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Systematic Reviews

An introduction to systematic reviews, with examples from health sciences and medicine

Resources and strategies

Usually in systematic reviews a researcher will search enough resources to be able to state with confidence that the literature for the subject area has been comprehensively searched.  However, there are no rules about how many resources should be included.  Often the best test is to search a new resource for a limited component of a review to see if new items are identified. 

The scope of your research question should be kept narrow so that a large number of irrelevant items do not have to be excluded from your result.  If you are getting more than 3,000 items from the first database used with the search strategy for the review the scope of the research question or the structure of the search strategy should be examined closely. 

The search engines to include in a systematic review will vary depending on the subject field and question being asked.

Several suggestions for databases to search are listed below. But we recommend you consult the Subject Research Guide in your field for a more extensive list. See http://unimelb.libguides.com/

Education

Medicine and Healthcare

Do not search both Medline and PubMed.  Medline is a subset of the PubMed database platform.  Medline (Ovid) searches are equivalent to searching all of PubMed. 

Other versions of Medline (Ebsco, Web of Science) do not include a segment of PubMed.  PubMed searches can be limited to this segment alone by searching for publisher [sb].      PubMed does not do proximity searching which can be important for reducing the search results found in systematic review searching.  The University librarians can assist in designing a search to cover the contents of PubMed/Medline as completely as possible.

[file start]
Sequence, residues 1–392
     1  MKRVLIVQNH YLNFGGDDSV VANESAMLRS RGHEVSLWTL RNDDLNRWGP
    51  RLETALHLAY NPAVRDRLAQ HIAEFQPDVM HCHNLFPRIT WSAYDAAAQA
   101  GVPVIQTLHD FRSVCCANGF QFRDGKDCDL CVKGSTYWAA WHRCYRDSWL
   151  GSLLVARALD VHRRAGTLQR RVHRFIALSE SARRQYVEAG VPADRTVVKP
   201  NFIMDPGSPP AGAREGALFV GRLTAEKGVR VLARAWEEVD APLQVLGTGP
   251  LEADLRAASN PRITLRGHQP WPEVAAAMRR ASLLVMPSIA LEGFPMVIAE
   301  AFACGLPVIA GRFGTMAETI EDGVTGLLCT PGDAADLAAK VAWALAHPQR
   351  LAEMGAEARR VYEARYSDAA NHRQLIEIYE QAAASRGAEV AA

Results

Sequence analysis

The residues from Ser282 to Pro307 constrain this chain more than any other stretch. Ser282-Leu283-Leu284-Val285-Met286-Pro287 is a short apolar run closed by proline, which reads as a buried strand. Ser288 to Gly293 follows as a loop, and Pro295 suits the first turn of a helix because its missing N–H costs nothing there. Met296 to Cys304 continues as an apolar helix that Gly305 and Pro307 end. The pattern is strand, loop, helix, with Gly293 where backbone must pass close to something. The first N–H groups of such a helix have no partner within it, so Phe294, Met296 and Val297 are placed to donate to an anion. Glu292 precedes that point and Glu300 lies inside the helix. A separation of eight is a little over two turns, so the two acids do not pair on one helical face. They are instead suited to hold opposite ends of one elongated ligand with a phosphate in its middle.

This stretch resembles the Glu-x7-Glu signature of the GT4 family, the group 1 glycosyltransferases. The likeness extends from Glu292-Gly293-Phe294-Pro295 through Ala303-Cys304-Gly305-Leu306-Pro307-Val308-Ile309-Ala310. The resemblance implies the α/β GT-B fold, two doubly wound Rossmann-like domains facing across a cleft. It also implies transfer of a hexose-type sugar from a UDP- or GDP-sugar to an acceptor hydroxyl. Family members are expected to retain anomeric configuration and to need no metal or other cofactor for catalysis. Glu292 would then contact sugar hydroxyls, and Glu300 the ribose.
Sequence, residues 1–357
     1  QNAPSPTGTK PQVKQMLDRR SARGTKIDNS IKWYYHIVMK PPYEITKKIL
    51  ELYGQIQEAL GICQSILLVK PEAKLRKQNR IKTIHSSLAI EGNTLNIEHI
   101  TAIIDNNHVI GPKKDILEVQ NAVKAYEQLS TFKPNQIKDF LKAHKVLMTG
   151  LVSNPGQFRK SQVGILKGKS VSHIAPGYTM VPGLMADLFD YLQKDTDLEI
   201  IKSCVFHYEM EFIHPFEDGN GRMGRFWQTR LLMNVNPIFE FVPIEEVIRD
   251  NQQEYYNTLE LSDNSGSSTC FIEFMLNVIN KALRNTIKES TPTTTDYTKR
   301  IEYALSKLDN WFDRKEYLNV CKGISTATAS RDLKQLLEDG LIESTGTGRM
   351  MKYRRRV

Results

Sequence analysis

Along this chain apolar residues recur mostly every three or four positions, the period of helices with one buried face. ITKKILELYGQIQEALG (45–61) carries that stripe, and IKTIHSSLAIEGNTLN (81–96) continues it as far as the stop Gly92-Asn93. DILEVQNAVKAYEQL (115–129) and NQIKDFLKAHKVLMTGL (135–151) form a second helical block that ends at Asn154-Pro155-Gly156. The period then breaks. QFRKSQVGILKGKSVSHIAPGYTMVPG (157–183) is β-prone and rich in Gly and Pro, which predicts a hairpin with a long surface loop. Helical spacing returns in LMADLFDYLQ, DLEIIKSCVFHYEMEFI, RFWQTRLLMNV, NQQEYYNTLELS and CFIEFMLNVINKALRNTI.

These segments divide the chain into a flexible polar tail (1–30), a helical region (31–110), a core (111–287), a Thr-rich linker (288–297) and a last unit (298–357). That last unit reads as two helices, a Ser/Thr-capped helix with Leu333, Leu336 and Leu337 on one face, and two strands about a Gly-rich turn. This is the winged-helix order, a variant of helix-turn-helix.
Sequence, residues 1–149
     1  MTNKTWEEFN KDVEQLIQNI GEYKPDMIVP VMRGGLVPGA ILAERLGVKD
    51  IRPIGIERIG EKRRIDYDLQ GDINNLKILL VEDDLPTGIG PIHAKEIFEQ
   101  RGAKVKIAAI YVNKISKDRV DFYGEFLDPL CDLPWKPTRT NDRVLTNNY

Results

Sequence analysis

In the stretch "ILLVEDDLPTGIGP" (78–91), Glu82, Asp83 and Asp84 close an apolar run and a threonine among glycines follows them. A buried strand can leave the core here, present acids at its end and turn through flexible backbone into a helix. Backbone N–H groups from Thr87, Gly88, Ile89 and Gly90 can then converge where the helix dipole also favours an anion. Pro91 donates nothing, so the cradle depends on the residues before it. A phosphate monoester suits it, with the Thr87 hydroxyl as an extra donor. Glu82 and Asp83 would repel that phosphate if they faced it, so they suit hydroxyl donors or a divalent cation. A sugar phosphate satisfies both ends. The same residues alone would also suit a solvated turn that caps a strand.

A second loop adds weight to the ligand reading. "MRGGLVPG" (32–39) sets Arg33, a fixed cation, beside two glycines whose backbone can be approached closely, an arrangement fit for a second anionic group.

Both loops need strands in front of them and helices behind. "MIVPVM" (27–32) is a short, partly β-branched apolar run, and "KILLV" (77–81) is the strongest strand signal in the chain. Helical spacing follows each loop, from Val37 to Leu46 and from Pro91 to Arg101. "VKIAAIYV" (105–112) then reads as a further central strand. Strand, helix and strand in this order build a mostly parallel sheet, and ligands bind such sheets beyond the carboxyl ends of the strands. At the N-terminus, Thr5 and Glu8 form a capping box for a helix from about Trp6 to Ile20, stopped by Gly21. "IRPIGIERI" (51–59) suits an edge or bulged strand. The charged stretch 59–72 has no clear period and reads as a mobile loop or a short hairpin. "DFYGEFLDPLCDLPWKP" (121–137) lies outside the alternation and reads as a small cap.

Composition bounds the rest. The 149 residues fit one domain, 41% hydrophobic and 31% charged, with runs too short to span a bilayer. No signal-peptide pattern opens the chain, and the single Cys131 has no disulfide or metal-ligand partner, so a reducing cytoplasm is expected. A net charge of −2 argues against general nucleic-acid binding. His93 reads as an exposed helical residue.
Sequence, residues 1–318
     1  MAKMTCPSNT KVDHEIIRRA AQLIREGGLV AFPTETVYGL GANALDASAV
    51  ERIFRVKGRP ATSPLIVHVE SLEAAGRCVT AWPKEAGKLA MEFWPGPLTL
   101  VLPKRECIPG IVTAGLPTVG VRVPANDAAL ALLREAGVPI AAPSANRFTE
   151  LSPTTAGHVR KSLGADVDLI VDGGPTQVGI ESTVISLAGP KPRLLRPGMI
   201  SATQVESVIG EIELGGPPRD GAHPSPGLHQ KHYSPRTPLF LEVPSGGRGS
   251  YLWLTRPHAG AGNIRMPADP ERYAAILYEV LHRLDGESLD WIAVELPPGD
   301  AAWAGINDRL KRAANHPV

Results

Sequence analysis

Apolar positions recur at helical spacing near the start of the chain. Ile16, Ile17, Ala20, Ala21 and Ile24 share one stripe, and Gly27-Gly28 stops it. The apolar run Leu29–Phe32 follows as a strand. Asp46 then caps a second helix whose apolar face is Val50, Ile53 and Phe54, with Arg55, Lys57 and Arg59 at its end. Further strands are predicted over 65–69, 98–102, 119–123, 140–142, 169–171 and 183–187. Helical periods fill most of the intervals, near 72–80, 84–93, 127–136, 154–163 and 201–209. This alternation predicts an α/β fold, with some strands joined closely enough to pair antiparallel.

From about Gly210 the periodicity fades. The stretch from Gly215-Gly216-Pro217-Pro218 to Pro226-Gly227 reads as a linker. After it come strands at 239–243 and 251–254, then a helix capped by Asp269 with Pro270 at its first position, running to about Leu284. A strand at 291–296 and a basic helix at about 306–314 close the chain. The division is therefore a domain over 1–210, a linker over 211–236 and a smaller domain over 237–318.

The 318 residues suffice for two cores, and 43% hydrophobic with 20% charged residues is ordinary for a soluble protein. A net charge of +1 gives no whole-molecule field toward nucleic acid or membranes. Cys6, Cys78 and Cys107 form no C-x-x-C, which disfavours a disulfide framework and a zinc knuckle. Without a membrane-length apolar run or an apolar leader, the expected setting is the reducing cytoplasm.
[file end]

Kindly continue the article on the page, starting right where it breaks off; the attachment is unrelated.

Physiotherapy

Psychology / Psychiatry

Multidisciplinary

Extensive systematic reviews can include Web of Science Core Collection and/or Scopus.  They may be used to follow up references and related articles of key included papers.  Google Scholar may be used for a simplified one line version of the search strategy.  Often the use of Google Scholar is restricted to a few pages of results. 

Brainstorming keywords for a search strategy for a systematic review is essential.  It is important when doing this that the terms used are relevant to the concept being searched for and do not cross conceptual boundaries.  Each term should be tested in the major database to be used to identify what impact it is going to have on the search results received.  Truncation may be used but again it is important to test each truncated term first to see that only expected terms are retrieved.